"Don't mind me," he said with a coarse laugh, "this is a free
"What do you want here?" demanded Mr. Chester angrily.
"You've got a bedroom to let; I made out the bill in the window - - "
"All right, just you wait a bit." He turned to his wife.
"What's the matter with Sally?"
"She's took ill again. She fainted dead away again this afternoon, all
of a sudden, and Dr. Lyons says she must have strengthening things."
Utterly forgetting her declaration that if her husband killed her she
would not give him the money, Mrs. Chester dragged the fifteen pence
out of her pocket, and flinging it upon the table, cried passionately:
"Take it! and drink the child's life away!"
"Not quite so bad as that, old woman," he said, in a shame-faced tone,
"I've enough to reproach myself with one. Is Sal asleep?"
His question was answered by the pattering of two little bare feet,
and Sally herself appeared from an inner room, which, with the parlour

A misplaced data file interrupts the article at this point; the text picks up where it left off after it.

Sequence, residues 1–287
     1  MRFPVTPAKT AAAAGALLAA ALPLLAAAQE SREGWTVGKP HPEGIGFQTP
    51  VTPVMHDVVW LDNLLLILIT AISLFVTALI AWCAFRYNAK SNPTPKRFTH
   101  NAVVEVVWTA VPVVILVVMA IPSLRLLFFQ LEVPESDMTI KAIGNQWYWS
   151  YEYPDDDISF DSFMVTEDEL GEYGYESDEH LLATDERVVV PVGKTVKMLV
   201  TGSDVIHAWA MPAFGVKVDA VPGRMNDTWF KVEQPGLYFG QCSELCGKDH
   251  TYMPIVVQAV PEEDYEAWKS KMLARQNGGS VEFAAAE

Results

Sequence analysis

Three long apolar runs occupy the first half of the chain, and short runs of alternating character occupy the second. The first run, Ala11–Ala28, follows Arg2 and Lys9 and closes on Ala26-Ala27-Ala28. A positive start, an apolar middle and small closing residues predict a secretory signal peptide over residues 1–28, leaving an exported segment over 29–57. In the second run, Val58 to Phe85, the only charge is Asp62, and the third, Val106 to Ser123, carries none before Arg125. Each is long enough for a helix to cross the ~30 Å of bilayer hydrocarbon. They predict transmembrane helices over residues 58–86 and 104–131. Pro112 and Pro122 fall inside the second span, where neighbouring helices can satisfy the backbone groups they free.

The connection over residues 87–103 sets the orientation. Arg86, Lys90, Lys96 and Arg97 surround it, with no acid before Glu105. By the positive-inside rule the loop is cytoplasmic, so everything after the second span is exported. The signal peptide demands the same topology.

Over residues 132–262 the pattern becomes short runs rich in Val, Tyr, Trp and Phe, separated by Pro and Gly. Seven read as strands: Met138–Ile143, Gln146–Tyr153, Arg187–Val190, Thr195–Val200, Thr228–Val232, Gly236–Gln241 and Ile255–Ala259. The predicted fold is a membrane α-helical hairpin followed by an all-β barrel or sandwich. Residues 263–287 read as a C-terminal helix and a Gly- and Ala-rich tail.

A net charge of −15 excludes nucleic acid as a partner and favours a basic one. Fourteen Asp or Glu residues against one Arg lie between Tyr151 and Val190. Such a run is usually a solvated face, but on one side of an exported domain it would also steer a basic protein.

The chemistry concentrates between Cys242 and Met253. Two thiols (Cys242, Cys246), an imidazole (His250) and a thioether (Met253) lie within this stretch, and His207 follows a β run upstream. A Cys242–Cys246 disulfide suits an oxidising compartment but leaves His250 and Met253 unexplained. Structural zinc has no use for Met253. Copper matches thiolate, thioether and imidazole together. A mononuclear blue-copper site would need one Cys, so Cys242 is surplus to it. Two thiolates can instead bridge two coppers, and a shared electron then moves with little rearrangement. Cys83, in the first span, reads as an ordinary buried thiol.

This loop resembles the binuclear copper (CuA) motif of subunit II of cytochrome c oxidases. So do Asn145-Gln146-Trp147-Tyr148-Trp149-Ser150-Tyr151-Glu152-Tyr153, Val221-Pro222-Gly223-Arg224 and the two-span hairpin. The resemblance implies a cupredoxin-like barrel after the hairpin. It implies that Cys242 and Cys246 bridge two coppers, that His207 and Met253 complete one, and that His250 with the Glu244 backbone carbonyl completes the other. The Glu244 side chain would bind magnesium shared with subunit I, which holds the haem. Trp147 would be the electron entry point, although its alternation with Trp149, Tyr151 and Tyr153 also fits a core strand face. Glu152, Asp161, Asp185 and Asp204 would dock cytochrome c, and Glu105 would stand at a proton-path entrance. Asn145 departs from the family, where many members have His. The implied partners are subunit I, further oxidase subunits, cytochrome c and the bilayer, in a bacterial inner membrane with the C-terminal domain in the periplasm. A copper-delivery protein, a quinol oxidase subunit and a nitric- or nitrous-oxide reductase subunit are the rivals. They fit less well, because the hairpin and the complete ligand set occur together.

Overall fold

in which this scene was taking place, formed the domestic
establishment of the Chester family.
"No, father, I'm not asleep," cried Sally, as she ran.
Sally was only five years of age, and was such a mite of a child that
she might have been no age at all. Waking suddenly, she had scrambled
out of bed on hearing her father's voice.
"You parcel of bones!" exclaimed Mr. Chester, with rough tenderness,
lifting the child in his arms. "What have you been up to again?"
"I fainted dead away, father!" replied Sally, gleefully; "dead away!"
The proud tone in which, in her thin shrill voice, she made this
evidently familiar statement respecting herself was very remarkable.